Measuring the Reservoir

Before the latent HIV reservoir can be eradicated, clinicians must be able to measure it.

"Right now, the assays we have to measure it are expensive, require a lot of blood, and we are not exactly sure what they measure," Nicolas Chomont, PhD, from the Vaccine & Gene Therapy Institute of Florida in Port Sainte Lucie, said during the news conference.

A reported scientific priority for the International AIDS Society has been to develop assays that can measure the size of the reservoir.

Dr. Chomont's team has come up with a novel assay they call the Tat/Rev Induced Limiting Dilution Assay, or TILDA.

He presented findings demonstrating that TILDA is relatively inexpensive, fast (<2 days to run), reproducible, and sensitive, during the Towards an HIV Cure symposium held in conjunction with the AIDS conference.

"It requires only 10 mL of blood," which is an important consideration in the treatment of neonates at high risk for HIV infection, he explained. And because the assay requires only "very basic instrumentation," it can be used in pretty much any laboratory in the world, he added.

With TILDA, "we have been able to confirm the benefit of early antiretroviral therapy," Dr. Chomont reported. "Our next step is to use the assay in a clinical trial to assess eradication strategies."

He said his team plans to make TILDA available to the HIV scientific community as soon as possible.

There are 3 big issues researchers need to solve before eradication strategies can be tested in full, said Steven Deeks, MD, professor of medicine, at the University of California, San Francisco.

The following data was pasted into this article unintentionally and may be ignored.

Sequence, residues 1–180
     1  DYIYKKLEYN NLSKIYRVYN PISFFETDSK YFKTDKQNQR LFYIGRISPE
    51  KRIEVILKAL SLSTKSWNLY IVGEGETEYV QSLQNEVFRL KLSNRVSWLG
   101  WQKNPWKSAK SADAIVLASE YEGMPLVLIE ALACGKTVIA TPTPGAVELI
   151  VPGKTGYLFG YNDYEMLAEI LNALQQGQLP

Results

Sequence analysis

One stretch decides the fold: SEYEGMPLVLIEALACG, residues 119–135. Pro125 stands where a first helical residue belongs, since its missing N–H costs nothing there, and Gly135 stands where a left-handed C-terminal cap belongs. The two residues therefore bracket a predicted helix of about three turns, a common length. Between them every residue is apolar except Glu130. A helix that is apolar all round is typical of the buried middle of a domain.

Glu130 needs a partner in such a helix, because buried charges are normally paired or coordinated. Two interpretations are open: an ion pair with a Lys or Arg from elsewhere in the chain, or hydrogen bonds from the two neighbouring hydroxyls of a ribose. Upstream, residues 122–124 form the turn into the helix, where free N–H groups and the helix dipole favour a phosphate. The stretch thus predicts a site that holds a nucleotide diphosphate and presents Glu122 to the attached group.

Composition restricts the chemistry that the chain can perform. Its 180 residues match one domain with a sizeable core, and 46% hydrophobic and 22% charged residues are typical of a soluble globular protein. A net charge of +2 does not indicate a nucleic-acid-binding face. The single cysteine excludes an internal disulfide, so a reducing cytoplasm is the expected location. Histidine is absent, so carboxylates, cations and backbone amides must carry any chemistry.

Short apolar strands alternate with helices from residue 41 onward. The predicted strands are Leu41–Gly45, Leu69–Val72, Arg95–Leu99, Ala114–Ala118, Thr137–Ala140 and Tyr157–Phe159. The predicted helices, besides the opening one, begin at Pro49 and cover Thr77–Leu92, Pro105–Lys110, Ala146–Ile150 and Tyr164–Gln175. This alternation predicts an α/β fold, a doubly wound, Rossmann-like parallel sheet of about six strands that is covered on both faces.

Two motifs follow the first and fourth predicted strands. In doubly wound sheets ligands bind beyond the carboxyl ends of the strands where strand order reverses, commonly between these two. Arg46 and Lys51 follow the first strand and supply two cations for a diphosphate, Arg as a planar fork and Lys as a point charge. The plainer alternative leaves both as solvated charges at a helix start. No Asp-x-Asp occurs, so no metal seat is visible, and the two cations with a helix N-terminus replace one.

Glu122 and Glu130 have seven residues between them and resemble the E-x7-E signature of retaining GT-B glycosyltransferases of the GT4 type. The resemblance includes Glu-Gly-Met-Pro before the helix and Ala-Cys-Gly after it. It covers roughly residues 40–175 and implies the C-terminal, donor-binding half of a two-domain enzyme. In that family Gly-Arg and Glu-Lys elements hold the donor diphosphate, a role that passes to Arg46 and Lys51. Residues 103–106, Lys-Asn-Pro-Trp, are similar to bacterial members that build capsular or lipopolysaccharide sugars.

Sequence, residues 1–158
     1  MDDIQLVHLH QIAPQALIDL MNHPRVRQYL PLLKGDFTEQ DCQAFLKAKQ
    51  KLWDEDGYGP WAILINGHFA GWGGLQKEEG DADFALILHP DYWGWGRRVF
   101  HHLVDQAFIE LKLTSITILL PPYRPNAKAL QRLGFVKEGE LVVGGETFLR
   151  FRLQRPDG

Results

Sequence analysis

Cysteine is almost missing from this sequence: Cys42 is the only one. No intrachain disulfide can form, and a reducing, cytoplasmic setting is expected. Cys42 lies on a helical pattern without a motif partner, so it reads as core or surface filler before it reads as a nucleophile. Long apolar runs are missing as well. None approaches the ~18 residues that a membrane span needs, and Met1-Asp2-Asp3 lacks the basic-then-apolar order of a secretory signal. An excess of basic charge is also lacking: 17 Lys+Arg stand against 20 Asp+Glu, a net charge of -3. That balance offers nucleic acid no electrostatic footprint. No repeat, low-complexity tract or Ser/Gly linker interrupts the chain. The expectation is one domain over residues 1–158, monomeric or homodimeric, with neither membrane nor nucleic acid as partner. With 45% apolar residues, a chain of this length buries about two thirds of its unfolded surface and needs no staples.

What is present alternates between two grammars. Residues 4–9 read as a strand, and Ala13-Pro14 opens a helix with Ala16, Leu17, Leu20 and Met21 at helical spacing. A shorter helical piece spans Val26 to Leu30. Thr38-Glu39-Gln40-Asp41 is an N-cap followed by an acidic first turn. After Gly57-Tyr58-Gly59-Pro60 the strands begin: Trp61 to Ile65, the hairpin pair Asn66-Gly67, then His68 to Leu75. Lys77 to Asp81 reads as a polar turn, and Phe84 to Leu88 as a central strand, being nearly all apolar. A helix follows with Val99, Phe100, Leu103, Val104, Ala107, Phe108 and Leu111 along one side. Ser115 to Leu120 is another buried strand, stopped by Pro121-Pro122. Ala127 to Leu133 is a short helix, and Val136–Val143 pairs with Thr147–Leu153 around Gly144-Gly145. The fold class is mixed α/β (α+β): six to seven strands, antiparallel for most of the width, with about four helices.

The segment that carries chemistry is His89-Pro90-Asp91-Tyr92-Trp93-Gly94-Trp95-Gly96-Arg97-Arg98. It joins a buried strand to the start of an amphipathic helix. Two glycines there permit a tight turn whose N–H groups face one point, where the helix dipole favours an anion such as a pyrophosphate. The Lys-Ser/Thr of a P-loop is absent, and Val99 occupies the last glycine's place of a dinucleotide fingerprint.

"First, we need to know where the virus lives," he said during the news conference. The case of the Mississippi baby suggests that a virus living in a single cell in some reservoir somewhere in the body is all that is needed for the virus to take off, he explained.

"Second, we need to be able to measure the virus better." Dr. Deeks speculated that there are probably dozens of patients around the world with no detectable virus who may or may not be cured. Until the reservoir can be evaluated, there is no way of knowing if any eradication strategy has been effective, he noted.

Last, "we need to translate some of the early pilot studies we've heard about into real clinical studies to see if we can advance the cure agenda," Dr. Deeks said.

"The immune system really can't control the amount of virus people have now," he said. But, "if we can get rid of 99% of it and boost the immune system, the extra immune power may be all we need to control what's left.

"It's going to require combination approaches, including the use of vaccines, to get there," he said.

This study was supported by various organizations, including the US Military Research and Material Command and the US Military HIV Research Program. Dr. Barouch and Dr. Deeks have disclosed no relevant financial relationships. Dr. Chomont's work is supported by various organizations, including the National Institutes of Health.

20th International AIDS Conference. Presented July 21, 2014.